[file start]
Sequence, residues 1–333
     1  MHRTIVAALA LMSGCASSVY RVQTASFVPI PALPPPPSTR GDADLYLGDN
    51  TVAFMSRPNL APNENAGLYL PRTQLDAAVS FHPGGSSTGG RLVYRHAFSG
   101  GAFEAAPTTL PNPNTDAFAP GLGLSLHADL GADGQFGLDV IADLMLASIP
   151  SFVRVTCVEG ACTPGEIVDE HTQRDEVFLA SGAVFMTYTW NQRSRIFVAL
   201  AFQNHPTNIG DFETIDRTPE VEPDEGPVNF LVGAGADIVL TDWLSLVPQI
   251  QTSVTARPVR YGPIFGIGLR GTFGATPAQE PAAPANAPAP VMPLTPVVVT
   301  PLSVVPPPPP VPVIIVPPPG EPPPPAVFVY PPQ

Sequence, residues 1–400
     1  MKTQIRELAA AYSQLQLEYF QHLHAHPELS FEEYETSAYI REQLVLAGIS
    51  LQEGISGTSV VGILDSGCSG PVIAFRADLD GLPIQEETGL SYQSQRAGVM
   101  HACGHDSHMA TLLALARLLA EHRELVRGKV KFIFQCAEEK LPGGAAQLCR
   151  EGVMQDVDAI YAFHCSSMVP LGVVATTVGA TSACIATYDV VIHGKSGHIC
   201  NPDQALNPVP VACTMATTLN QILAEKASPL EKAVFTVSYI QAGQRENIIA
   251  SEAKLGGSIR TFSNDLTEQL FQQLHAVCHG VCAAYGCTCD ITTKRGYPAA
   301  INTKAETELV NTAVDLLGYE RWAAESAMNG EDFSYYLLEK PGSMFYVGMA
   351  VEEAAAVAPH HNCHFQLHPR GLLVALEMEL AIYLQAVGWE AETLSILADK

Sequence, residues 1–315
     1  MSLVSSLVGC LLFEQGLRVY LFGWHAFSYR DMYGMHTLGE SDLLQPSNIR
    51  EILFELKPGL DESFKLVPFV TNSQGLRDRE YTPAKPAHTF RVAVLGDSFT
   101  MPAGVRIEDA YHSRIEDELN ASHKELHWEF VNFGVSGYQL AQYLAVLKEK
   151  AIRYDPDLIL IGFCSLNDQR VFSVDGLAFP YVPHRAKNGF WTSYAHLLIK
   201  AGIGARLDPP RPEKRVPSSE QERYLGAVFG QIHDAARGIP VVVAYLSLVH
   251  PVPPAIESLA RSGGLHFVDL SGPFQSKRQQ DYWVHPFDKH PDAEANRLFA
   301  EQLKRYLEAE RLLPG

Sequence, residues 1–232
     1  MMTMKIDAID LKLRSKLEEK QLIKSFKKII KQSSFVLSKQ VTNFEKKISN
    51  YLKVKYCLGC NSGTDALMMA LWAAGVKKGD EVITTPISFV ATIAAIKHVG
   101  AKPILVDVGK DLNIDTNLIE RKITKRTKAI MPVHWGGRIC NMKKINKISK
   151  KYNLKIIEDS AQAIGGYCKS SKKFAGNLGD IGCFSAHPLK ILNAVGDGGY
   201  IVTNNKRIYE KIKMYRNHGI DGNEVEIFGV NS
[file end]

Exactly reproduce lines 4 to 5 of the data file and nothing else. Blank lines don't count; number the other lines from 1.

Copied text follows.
   101  GAFEAAPTTL PNPNTDAFAP GLGLSLHADL GADGQFGLDV IADLMLASIP
   151  SFVRVTCVEG ACTPGEIVDE HTQRDEVFLA SGAVFMTYTW NQRSRIFVAL